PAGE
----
Associate Vice President of Community Collaboration
Office of the President
I recently heard the phrase “housing is medicine”. I was struck at how simple this really is, but from a medical perspective, this concept is revolutionary.
What is a medical intervention? How large of a leap is it to include something like housing as medicine? In our medical system, the treatments are prescribed by medical providers with specific credentials and based on evidence. These prescriptions are paid for by your medical insurance, whether public or private, and medical providers are paid for each treatment or prescription that is provided. So, the idea that our medical system would pay for something else—not prescribed and paid for by medical insurance—that’s the revolutionary part!
As a physical therapist, I was educated and practiced in the medical model of health. The patient was the center of your practice, and you focused on healing the condition or disease. There is so much to know about human physiology, disease, and what treatments work best to cure or control disease that years of medical education and advanced training are needed for practice. Physical and Occupational therapists have their specialties too, which are to address the limitation that keeps the person from being able to participate fully in their societal role by both improving the patient’s function and adapting the environment in which they function. Over the years, our understanding of this interaction between the individual and the environment has advanced worldwide, with a classification system designed to identify whether the main focus should be on the patient or environment—the International Classification of Functioning, Disability and Health (ICF).[i]
The concept that other factors besides disease contribute to health is not new. A growing recognition of the role social and economic factors have in determining health is seen in all public health perspectives. The Centers for Disease Control states that biology and healthy behaviors account for about 25% of what influences your health. Medical care is even less influential. It is the social and economic factors that contribute to more than 50% of the influence on your health![ii]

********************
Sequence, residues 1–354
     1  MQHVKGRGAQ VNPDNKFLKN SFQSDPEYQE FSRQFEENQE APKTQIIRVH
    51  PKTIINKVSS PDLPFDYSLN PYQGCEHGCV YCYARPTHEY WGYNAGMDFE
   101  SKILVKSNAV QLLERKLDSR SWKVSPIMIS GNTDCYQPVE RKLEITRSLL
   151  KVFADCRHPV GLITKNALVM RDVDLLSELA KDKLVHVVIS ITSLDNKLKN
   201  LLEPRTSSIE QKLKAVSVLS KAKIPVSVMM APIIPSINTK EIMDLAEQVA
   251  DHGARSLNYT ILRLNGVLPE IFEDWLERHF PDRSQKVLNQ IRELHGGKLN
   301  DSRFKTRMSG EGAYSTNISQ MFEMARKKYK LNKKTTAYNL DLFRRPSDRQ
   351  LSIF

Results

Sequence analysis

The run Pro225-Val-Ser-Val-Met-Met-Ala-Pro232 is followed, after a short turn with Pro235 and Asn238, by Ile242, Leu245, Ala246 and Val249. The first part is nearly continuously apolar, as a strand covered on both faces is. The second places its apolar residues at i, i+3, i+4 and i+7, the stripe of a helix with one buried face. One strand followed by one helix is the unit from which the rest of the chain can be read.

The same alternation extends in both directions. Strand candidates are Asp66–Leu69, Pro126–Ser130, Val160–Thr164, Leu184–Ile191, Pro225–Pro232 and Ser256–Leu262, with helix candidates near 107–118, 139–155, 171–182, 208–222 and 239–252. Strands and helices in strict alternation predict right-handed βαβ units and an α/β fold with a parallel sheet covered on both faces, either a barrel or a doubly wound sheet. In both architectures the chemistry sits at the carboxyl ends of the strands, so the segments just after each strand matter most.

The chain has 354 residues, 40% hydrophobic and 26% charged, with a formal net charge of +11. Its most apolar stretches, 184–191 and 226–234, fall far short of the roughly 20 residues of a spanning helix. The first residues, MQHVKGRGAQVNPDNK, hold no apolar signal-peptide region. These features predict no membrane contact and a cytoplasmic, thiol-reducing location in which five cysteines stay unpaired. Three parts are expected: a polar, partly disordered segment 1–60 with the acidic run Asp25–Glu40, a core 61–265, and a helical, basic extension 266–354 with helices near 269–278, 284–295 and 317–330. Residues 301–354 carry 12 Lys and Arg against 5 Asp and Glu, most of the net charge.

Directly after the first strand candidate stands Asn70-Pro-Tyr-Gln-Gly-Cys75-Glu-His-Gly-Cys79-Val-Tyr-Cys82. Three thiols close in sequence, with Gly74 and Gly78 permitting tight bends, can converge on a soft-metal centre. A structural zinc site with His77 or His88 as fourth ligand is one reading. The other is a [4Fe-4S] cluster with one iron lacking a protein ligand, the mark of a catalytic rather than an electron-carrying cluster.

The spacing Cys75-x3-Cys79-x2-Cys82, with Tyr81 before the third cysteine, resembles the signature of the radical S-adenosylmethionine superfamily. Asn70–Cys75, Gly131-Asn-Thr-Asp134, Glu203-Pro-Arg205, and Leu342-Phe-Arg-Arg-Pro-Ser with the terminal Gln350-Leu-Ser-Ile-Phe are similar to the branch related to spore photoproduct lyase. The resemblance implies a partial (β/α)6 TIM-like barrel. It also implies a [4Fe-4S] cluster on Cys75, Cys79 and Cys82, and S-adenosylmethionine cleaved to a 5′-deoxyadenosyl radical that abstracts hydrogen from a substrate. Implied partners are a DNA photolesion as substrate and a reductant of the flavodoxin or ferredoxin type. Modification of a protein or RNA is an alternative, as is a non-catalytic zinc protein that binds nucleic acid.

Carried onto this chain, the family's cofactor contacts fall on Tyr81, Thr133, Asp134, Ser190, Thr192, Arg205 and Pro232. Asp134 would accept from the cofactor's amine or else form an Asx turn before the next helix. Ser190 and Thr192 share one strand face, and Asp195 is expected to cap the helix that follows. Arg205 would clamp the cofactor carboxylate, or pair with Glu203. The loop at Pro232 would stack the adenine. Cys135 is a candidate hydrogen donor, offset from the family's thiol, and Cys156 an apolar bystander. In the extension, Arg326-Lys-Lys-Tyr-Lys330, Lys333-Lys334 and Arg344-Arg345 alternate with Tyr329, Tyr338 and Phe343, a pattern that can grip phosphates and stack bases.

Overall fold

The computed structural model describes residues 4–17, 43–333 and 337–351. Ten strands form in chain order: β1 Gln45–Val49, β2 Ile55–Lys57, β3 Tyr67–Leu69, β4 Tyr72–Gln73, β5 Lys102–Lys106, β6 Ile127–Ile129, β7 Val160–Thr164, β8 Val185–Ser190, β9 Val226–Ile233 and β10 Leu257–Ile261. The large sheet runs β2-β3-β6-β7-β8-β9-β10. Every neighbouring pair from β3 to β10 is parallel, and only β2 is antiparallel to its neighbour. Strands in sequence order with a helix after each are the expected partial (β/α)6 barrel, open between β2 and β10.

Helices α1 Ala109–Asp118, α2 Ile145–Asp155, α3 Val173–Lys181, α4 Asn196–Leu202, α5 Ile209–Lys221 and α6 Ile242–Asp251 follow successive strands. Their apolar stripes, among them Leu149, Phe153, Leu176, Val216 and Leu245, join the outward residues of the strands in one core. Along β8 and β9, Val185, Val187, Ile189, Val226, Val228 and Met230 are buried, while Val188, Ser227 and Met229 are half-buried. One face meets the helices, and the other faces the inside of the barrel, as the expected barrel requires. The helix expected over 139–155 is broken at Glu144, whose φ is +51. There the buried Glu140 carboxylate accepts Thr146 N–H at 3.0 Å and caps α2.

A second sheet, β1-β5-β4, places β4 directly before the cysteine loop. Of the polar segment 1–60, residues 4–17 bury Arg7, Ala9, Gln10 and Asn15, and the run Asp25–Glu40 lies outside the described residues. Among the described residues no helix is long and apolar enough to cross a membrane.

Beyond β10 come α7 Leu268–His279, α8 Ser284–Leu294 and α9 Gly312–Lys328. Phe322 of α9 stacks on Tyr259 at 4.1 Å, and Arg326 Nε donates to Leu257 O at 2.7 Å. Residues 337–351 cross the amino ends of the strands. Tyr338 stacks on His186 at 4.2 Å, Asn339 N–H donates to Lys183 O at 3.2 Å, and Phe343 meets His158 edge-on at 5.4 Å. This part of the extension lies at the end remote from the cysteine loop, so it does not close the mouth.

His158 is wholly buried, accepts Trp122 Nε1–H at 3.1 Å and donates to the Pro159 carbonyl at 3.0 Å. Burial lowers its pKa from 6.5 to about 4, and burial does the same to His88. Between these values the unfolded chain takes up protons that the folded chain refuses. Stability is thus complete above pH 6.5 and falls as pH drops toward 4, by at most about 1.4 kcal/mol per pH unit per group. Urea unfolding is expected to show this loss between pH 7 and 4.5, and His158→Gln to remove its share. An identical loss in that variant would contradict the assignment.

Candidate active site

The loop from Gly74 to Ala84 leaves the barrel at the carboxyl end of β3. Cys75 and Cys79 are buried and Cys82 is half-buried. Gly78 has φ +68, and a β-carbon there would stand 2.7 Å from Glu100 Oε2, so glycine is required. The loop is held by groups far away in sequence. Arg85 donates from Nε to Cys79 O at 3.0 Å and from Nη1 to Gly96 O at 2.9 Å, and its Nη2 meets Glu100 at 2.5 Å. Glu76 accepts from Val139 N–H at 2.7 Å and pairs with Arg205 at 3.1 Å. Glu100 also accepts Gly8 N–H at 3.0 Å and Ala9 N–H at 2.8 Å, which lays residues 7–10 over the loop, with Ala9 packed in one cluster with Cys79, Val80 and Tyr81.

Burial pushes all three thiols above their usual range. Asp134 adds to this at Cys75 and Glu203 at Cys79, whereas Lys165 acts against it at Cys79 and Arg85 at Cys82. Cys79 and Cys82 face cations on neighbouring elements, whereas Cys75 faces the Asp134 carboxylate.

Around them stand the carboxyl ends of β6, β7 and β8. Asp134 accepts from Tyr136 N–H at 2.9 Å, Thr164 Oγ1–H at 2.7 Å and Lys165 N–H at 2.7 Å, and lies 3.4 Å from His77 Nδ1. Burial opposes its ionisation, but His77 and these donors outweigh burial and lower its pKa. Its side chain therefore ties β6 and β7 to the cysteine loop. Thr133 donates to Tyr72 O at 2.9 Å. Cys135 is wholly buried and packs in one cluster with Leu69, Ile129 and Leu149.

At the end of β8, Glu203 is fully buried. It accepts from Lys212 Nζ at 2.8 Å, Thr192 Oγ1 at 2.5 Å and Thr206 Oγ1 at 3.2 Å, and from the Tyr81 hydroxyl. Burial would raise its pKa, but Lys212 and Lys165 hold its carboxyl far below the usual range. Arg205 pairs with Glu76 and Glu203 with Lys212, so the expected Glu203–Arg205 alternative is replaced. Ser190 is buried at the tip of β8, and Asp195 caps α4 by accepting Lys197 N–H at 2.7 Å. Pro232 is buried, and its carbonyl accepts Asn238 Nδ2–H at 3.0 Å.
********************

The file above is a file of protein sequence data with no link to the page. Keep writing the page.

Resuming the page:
If we know that social and economic factors contribute so much to health, why then have we never called these “medicine”? For housing to be considered medicine, who would write the prescription and who would pay for it? Certainly not your health insurance!
In the United States, we’ve created separate systems that pay for medical care and public health. Your medical insurance will only cover treatments provided by skilled professionals to an individual patient. Public health departments are not paid with medical insurance, they are supported by state and local funding, relying heavily on grant funding. They do address some of the social and economic factors that influence health, such as water and air quality and infectious diseases. Sometimes we call this prevention. In practice, the funding provided to prevention provides some cost savings in medical care. Other countries have a more comprehensive view of health, such that funding for both public health and health care are in the same system, making it clearer that money in prevention costs less overall.
In the US, we have limited the efforts to connect public health and medical care, although it was somewhat expanded under the Affordable Care Act (ACA).